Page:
Should tourists be concerned about sale of this popular Michigan-based company?

Kilwins sweet shops recently was sold to a private-equity firm out of state. What will this mean?

The Kilwins headquarters in Petoskey, Michigan. Photo by Keith Dunlap (GMG)

Whether it’s people who visit Northern Michigan during the summer or Florida during the winter months, a staple for many is to stop and get ice cream, fudge or candy at a Kilwins location.

Based in Petoskey, Michigan, Kilwins has locations in 26 states, which is why some recent news regarding the company might have raised some eyebrows for tourists.

At the beginning of March, it was announced that Kilwins had been sold to a Levine Leichtman Capital Partners, a private equity firm based in Los Angeles.

Originally founded in 1947 by Don and Katy Kilwin, third owners Don and Robin McCarty decided to sell the business after purchasing it in 1995.

“It has been a joy for Robin and [me] to have been a part of this company for the last 43 years,” Don McCarty said in a statement. “Our caring, loyal franchisees are the basis of our long-term success, and the Kilwins team has made incredible products, built an exceptional platform and has successfully created meaningful and lasting experiences for our customers. As we look to the company’s future, we are confident that LLCP has the resources and franchise experience to lead Kilwins in its next phase of growth, and will provide dynamic, thoughtful, and strong customer focus and leadership.”

Levine Leichtman Capital has a portfolio that also includes Tropical Smoothie Cafe, Mountain Mike’s Pizza, Nothing Bundt Cakes and Wetzel’s Pretzels.

But is a longtime local, family-owned business selling to a private-equity firm usually the best thing for that business and its customers in the long term?

Should tourists who make Kilwins a staple of their vacation experience be concerned?

Van Conway, a noted financial consultant and expert worldwide who is the CEO of Van Conway & Partners, said the new owners will likely focus on rapid growth and expansion, which would be good news for those who love Kilwins.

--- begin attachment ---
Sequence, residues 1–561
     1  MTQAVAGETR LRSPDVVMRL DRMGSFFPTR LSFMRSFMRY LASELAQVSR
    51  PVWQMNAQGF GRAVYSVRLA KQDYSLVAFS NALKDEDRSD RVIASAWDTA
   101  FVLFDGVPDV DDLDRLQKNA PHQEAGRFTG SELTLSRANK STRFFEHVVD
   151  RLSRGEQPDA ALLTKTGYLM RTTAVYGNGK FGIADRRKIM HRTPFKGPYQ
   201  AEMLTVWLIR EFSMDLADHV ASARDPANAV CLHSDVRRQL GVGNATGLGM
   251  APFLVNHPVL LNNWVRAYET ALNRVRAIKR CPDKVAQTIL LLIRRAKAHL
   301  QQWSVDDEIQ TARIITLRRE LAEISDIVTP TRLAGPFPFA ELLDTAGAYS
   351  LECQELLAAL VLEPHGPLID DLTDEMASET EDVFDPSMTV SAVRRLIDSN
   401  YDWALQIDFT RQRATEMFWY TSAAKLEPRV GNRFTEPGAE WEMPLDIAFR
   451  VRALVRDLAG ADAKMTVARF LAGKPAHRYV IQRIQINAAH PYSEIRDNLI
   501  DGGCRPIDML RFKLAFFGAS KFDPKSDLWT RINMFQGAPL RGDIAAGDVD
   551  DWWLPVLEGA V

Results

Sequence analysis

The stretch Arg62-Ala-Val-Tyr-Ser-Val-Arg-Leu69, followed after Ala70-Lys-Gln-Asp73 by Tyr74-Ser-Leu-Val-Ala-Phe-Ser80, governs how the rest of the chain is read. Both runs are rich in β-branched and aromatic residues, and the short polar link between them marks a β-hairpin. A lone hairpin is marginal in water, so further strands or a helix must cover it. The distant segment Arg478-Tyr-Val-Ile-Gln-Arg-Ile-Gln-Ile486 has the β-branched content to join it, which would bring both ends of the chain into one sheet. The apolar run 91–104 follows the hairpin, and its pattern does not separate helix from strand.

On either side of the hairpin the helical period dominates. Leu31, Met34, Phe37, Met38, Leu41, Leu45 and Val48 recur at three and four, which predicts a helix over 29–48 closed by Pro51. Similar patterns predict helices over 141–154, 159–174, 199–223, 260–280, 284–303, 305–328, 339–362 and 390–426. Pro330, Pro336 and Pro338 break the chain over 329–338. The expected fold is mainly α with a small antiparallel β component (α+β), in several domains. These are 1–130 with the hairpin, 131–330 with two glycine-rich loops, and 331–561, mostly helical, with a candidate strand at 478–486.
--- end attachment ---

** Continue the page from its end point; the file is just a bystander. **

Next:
“Kilwins is a pretty unique brand and they would be foolish to really change the name or change the format,” Conway said. “It’s not a tragedy because they’d be a fool to materially change what you and I know about Kilwins and why we go there. They just want to grow. They want to take what’s in Petoskey and put it in another 100 cities. The family that owned it wouldn’t have had the capital to do that.”

Conway said the McCartys must have gotten a price they liked in order to sell, and that private equity firms usually are not long-term investors.

They look to eventually flip entities, but Kilwins presents a unique growth opportunity from others that Levine Leichtman Capital Partners own in that there isn’t the type of competition a pizza, sub or burger chain constantly has.

“In some respects, they don’t have a lot of competitors and they have a lot of brand loyalty,” Conway said.

Conway said he wouldn’t be surprised if Levine Leicthman Capital Partners tries to grow the company from nearly 150 to around 500 stores before flipping, but doesn’t want to fully speculate on their intentions.

While seeing a private equity company take over a beloved local business understandably can make many nervous, it’s likely fans of Kilwins won’t have anything to worry about in the near future.

“Kilwins is a pretty amazing operation,” Conway said.

About the Author:

Keith is a member of Graham Media Group's Digital Content Team, which produces content for all the company's news websites.